ing wind screamed. She made a quick movement with her hand, threw something out of the ship. Light flared. It was a light-tube, hurtling downward, lighting the dead blackness of the Night Side.
Kenworth adjusted the parachute Thona handed him, saw the tumbled surface of land far below. He heard Arn shouting, and a gas-pellet burst against the wall. But the greenish vapor was instantly dissipated by the rushing blast. Kenworth seized Thona's hand and they leaped together out into space.
A warning tingling sent fear darting through Kenworth. Away from the protecting insulation of the ship, the paralyzing rays were bathing them. Realizing that this would happen, Kenworth had determined not to open the parachutes until they had fallen beneath the range of the rays. But would the fall be swift enough to save them? Would they become paralyzed—unable to open the parachutes?
The tingling ceased; in the white flare the ground rushed up at them. With a word to Thona Kenworth touched the stud that opened his parachute. The two 'chutes blossomed together.
Above them the ships whirled and spun and dived in mad conflict. Abruptly the Raider's ship flashed away, came darting down at them. Kenworth could guess what was in the Raider's mind. His hostages were invaluable—he dared not lose them. But to land and recapture the two meant laying himself open to the Patrol ship's attack.
The Raider fled, was lost in the darkness. The other ship slanted down. Kenworth could guess, too, what lay in the mind of the Patrol ship's commander. Like the Raider, he wished to land, to pick up the two refugees. But he would realize that the moment his ship touched the soil of Venus, his defenses down, the Raider would come swooping out of the shadows, his rays working deadly havoc before the other ship could be lifted from the ground.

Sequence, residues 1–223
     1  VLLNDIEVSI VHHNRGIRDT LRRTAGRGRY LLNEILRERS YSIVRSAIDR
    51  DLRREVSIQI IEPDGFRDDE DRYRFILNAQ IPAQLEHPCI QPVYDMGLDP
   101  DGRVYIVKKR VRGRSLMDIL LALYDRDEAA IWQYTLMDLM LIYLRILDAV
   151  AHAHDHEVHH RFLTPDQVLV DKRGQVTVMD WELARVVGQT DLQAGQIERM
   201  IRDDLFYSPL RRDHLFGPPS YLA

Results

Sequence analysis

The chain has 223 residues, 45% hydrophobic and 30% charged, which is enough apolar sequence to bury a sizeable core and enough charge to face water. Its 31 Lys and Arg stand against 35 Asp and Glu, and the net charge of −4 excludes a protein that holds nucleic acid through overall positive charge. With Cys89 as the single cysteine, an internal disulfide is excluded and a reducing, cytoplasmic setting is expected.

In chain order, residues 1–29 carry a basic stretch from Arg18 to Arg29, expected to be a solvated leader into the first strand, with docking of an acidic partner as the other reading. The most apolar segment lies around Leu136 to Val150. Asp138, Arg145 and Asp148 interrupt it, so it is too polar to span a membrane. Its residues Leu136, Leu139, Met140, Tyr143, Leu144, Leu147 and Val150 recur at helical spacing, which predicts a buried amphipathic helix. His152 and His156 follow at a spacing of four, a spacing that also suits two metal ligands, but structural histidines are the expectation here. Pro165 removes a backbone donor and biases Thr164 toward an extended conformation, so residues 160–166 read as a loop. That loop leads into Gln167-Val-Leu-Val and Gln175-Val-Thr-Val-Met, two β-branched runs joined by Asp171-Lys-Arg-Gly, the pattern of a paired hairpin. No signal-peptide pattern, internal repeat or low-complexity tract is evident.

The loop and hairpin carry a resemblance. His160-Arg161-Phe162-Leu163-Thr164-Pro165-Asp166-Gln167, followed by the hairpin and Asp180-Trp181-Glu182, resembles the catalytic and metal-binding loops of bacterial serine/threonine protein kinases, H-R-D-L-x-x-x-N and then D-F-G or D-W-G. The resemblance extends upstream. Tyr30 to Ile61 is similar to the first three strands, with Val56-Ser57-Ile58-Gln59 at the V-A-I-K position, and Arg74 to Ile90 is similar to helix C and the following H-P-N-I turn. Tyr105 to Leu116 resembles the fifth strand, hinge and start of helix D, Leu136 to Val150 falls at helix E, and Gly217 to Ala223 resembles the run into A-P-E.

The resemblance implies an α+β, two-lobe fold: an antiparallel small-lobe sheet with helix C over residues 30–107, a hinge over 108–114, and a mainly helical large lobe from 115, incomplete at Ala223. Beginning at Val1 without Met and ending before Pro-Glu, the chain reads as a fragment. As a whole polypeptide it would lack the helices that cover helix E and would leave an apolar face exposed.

The landscape swayed, rocking as they drifted down. Now the light-tube was dying. Even the tempered metal of the tube had been unable to withstand the impact. But the light had served its purpose. It had revealed the landing-place.
Rock. Great plains of rock, fantastically colored, with here and there small patches of the dull gray soil of Venus. Over all lay a silvery sheen, the brilliant sparkle of frost. An icy chill struck through Kenworth. The Night Side, turned perpetually from the sun, would naturally be cold—but the wonder was that it was not colder than this. Then he realized the solution—the dense atmosphere that blanketed the Night Side from the utter chill of airless space.
They touched the ground, rolled over. Kenworth helped Thona up, brushing white frost from her garments. He hesitated, glancing around.
Thona, completely invisible as the last traces of the light died, groped closer.
"Dal!" she said, a curious note of fear in her voice. "Dal! Do you feel—something strange?"
4. Spawn of Darkness
Kenworth knew what she meant. Yet the sensation was utterly unreal, fantastic. It was like a queer sensation of movement within his brain—provoking some half-forgotten memory—now evading him, now swimming into view——
He had it! Once, in N'yok, he had attended a council of telepathists, that small group of scientists who had devoted their lives to experimenting with telepathy. And it was there that Kenworth had ex-